This is a very long response to a "skeptic's" critique of the graphs shown on Wikipedia's "Global Warming" page. The comment was this:
I'm curious why the 2,000 year temp chart on this link looks nothing like the the chart on your link. I'm curious why if you think the computer climate models are correct, they all cannot predict climate from the this past century. A layperson would say that the computer models have been proven wrong.
This is my response:
Laypeople are also capable of thinking logically, if they so choose. A wise layperson would only say that the computer models had been proven wrong if there were numerous accounts of models showing they were wrong. Once science has developed a strong hypothesis or theory, it is standard for those who “debunk” that theory to be asked to show large amounts of evidence, all with strong peer-reviewed support. As for that specific example you showed me, there is no strong peer-reviewed support, and it is only one piece of “evidence.”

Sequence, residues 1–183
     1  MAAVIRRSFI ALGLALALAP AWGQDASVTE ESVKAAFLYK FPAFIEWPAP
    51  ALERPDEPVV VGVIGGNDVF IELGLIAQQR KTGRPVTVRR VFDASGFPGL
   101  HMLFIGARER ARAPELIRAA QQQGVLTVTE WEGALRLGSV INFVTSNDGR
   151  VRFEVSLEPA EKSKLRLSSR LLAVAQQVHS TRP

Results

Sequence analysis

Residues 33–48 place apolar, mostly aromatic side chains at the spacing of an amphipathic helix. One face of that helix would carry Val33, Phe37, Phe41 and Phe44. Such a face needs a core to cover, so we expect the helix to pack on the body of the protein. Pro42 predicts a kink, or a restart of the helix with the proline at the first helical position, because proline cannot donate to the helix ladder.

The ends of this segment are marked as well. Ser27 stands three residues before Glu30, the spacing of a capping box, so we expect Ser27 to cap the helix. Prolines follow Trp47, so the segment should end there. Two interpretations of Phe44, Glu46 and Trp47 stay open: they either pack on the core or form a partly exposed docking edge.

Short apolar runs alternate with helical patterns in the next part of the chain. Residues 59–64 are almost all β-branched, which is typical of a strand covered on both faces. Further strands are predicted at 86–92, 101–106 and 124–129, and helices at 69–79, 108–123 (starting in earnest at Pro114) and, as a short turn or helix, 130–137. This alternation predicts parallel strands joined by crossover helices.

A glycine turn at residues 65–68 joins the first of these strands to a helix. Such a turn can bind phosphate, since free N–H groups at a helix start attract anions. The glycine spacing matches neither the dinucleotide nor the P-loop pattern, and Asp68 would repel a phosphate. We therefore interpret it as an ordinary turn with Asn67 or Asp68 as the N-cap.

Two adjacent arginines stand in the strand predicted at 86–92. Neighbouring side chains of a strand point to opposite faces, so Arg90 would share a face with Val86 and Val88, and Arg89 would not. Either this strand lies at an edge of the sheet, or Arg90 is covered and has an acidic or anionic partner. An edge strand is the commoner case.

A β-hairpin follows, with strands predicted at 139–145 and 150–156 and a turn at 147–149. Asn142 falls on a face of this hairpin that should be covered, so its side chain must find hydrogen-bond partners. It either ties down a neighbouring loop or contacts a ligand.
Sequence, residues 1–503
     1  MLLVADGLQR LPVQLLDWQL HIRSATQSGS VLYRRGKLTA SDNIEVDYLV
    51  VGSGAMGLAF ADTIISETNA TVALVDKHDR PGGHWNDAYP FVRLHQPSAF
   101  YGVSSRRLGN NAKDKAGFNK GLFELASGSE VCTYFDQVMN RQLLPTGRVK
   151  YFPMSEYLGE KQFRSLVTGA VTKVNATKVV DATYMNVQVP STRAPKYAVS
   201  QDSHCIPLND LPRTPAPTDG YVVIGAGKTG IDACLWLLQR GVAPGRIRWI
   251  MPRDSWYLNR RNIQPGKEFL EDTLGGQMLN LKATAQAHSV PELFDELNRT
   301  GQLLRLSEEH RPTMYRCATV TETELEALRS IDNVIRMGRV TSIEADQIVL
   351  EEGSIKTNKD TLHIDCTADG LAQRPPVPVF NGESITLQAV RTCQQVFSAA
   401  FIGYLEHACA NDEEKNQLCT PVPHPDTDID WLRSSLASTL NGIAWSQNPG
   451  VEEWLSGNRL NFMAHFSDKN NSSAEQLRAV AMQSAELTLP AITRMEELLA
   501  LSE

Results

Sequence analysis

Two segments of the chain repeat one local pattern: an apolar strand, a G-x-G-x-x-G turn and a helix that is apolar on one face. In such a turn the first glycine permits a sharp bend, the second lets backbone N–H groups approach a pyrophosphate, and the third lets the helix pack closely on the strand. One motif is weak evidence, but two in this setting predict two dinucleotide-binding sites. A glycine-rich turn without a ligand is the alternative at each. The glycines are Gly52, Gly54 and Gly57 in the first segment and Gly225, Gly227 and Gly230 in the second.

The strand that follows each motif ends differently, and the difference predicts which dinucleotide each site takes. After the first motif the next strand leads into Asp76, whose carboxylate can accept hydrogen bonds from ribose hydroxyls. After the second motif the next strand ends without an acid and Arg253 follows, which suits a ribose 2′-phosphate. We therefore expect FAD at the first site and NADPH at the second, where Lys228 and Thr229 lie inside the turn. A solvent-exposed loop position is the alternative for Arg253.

Perhaps the reason Wikipedia did not include that graph, is because it was put together by Dr. Craig Loehle, who uses few and questionable citations in his article; and was originally published in a scientific journal called “Energy and the Environment.” Sonja Boehmer-Christiansen, one of the many global warming “skeptics” editing the journal, has been quoted as saying, “I am following my political agenda—a bit.” Energy and the Environment has been criticized for its weak peer-review process; Referring to one study: “If it would have been properly reviewed, it would have been rejected on the basis of methodological flaws,” and one article was said to contain "collation errors, unjustifiable truncation or extrapolation of source data, obsolete data, geographical location errors, incorrect calculation of principal components and other quality control defects."
The World Climate Report, the newsletter that republished the article you showed me, is produced by Greening Earth Society. Greening Earth Society was created by the Western Fuels Association, whose tagline is “Coal is where your power begins.” Not hard to imagine the ulterior motives here. In addition, Patrick J. Michaels, climate scientist and editor of the World Climate Report, has received funding from Exxon Mobile and other oil interests, and at least $115,000 from coal and energy interests. Research a climate change “skeptic” and you’ll frequently find energy interests behind them.
Your link also refers to a fixation on the “hocky stick representation of temperature history.” This myth has also been debunked.